On the face of it, what could be easier or make more sense? The challenge comes in implementing this kind of approach in a company locked into doing things a certain way, or if not all elements of the organization are in alignment. If your company is managing hundreds if not thousands of customers at varying stages of development, it could be tough to make the transition.
To really find out if an ABM business orientation makes sense, here are ten key considerations to pose to your organization:
1. Your business depended on trade shows
Trade shows, long a reliable source of new business, are in flux. You’ve been without them for a year and the online versions are a shadow of what being there in person was. Maybe you’ve signed up for an in-person version in the Fall. But what happens if no one shows?
And what if trade shows were never the best way to grow your business in the first place? Trade shows may still be a strong option for your business (and with the right plan, you can maximize your trade show ROI), but they shouldn’t be your only source of leads.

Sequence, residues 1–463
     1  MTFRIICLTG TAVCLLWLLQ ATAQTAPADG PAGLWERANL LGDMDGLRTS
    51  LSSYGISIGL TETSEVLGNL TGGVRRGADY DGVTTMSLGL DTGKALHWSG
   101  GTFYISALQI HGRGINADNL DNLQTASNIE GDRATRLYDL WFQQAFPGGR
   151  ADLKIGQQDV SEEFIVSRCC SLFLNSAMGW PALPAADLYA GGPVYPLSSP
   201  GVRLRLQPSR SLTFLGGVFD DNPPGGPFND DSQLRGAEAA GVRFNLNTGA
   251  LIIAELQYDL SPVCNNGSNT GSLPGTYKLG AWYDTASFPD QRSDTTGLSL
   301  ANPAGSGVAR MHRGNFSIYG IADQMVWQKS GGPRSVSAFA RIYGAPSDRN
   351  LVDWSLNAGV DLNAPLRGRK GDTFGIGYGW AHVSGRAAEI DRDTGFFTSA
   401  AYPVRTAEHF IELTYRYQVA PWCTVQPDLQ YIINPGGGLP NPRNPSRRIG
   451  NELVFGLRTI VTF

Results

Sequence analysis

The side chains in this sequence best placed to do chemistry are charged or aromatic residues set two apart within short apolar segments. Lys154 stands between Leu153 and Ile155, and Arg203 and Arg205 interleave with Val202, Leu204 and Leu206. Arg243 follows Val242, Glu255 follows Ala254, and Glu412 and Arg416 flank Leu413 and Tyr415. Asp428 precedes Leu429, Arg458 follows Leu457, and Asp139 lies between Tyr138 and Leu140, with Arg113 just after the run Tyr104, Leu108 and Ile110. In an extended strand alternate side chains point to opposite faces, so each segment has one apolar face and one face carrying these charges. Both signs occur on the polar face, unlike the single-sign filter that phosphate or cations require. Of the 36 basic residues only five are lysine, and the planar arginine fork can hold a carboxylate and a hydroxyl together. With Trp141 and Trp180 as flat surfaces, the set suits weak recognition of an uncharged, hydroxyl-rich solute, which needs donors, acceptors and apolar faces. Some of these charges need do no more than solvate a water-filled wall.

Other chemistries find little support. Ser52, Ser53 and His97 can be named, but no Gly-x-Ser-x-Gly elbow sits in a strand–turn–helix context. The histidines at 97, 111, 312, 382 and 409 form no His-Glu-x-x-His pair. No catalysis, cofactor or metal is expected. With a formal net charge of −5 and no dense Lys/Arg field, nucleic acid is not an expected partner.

2. Your sales and marketing teams are more like the Hatfields and the McCoys
Your sales and marketing teams appear to be at odds with one another as opposed to working collaboratively. The current business climate is challenging enough without core members not being on the same page. Account-based marketing forges a spirit of cooperation and shared purpose that is hard to beat.
3. “This is the way Granddad ran the business”
These are the most dangerous words in business today. Your go-to-market strategy has barely evolved from when the company started in business several generations ago. While the products you produce may not have changed much over the last couple of decades, the way to get them in front of key prospects has. Time to modernize your approach.
4. Once sleepy competitors are using new tactics to encroach on your business
Competitors are ruthlessly targeting your customer base — and customers you thought were loyal are defecting, or, at least, listening. If you are on top of what your competition is doing to market their product or service and you’ve noticed a change and are not sure why, that’s a red flag.
Everyone evolves to a new normal at a different pace but if the market has raced ahead of you, now is the time to catch up.